Studying For Ham Radio License


Within the last two years I’ve let my ham radio license expire. I’ve now decided that I want to become licensed once more. I was first licensed as an Amateur Radio Operator back in 2006, however my license is currently. After years of pressure from my father, I ultimately completed the test for the Technician class license. I had refused for years because I didn’t want to learn morse code and at the time that was required to pass the most basic license classification, which at the time I believe was Novice. Fast forward to 2006 and I finally decided to enter the exciting word of ham radio. Boy, what a let down that was!

As a child growing up in the late 80s and early 90s, I watch in amazement as my father produced some relatively impressive stuff with radio at the time. I distinctly recall the excitement I experienced the first time he called Pizza Hut and ordered a pizza over the radio while we were driving. That may seem like a mundane thing to today’s youth, but you have to keep in mind that cellphones were only a thing for the supper wealthy. How did he achieve this you may ask? Well, this was accomplished by contacting a ham radio repeater, a radio operating with more power capable of rebroadcasting much weaker signals, and using a little device called an Autopatch. The Autopatch allows a repeater to patch into the local telephone network. At the time it was the poor man’s cell phone. For a child who embraced technology, this was impressive as hell.

Once I passed the license exam and obtained my ham radio license, I was excited to recapture that feeling of wonder I had as a child. I quickly learned ham radio, from my experience hadn’t changed much at all and seemed an outdated form of communication. It was 2006, and everyone at present had cell phones, Pizza Hut accepted hundreds of orders over the phone from people driving home from work everyday. Worst of all the Amateur Radio Operators in the area had gotten old. For the most part they merely talked about emergency preparedness, diabetes and Viagra.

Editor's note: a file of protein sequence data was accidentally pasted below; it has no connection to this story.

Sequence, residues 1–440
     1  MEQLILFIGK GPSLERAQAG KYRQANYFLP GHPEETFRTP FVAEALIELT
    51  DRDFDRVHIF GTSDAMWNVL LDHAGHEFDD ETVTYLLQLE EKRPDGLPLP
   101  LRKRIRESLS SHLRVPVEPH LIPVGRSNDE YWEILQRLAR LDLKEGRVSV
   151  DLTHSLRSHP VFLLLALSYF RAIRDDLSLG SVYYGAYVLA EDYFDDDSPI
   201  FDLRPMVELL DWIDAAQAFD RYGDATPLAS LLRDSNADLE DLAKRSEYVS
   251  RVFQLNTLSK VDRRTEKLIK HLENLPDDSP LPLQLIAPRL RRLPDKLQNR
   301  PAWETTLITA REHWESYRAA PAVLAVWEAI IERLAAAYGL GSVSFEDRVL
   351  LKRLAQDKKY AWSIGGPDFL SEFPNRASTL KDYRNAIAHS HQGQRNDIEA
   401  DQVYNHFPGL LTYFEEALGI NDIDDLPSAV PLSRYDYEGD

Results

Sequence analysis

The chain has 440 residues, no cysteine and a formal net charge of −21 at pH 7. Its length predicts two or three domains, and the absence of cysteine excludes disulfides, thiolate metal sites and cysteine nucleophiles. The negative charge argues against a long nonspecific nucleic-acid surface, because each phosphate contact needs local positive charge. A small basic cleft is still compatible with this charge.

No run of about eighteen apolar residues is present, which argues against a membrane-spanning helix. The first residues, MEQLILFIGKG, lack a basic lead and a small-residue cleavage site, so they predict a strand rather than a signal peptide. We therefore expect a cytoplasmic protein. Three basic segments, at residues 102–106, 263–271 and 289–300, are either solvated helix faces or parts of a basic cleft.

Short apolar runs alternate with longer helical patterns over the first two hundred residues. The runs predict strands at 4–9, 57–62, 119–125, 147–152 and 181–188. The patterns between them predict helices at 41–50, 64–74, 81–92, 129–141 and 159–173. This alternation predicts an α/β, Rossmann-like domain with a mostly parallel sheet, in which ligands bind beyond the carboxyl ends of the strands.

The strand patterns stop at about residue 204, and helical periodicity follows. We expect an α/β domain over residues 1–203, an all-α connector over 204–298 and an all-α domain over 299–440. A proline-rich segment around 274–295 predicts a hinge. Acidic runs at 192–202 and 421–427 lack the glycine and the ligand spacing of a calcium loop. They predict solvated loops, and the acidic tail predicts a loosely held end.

If you’re unfamiliar with all of the FCC’s rules regulating wireless communications, there’s a section buried in there about the role Amateur Radio Operations plays in regards to emergencies. Essentially, ham radio operators can tag along with the professionals and “help” in the midst of an emergency. They even have a cute slogan they love to toss around: “When all else fails… Amateur Radio.” When the last line of defense is confined to a rascal scooter, thank the FCC that Grandma can get the world out before we all suffer a horrible death.

Rejecting all of the hobby cops out there, let’s take a look at a couple of things that irritated me to no end. First off the cost of ham radio is too damn high! I get it. The demand for ham radios is modest, but the prices for ham radios are outrageous. Second you’re limited to what you can achieve as a novice in the hobby. Unless you’re prepared to dump thousands of dollars into equipment day one, you’re more than likely to start off with a hand held radio or a mobile radio. Ok, that’s refreshing, but look at all the things you can do with your new license… Not so fast. Thanks to all the emergency preparedness nerds out there most radios out there are suited for makebelieve. I could go into more detail as to what exactly I’m looking for in my first radio, but this blog post is already getting too long and I haven’t even gotten to my reasons as to why I’m getting back into ham radio. Suffice to say I wanted to explore the other aspects of the privileges my new license provided me, but I was limited on the price and features of available radios. I guess technically you can communicate via the various amateur satellites that are orbiting around the globe, but you still need a large sum of money to get started. To keep things in perspective, I was broke at the time, and $200 for a mobile radio was quit the investment for me, and $400 for a full-duplex dual-band handheld was out of the question.

Now that you know a little about my history with amateur radio, allow me explain why I’m returning to the hobby. The straightforward answer is I work with a guy that’s been a ham operator for twenty-five plus years. He introduced me a few different things he was performing with the higher frequencies utilizing some of the digital modes, and I was quite impressed. For staters I don’t have to talk to anyone, contacts are handled through a computer program. Second it doesn’t take much of a setup to begin communicating with the digital modes, so I could setup a modest antenna in my attic and not have to worry about people complaining. Lastly and most importantly I don’t have to deal with the local idiots playing weather cop. It’s truely a win-win situation for me.

To accomplish this, I’m going to need to pass two exams for the needed license classification. There are three license classes and I figured I’ll complete the exam for the first two and worry about the third one later. You don’t really gain many extra privileges, but it would be moderately cool to be licensed at the highest level. With that out of the way, I’m off to study for my exams. Now if only I could actually take these exams… stupid Covid19.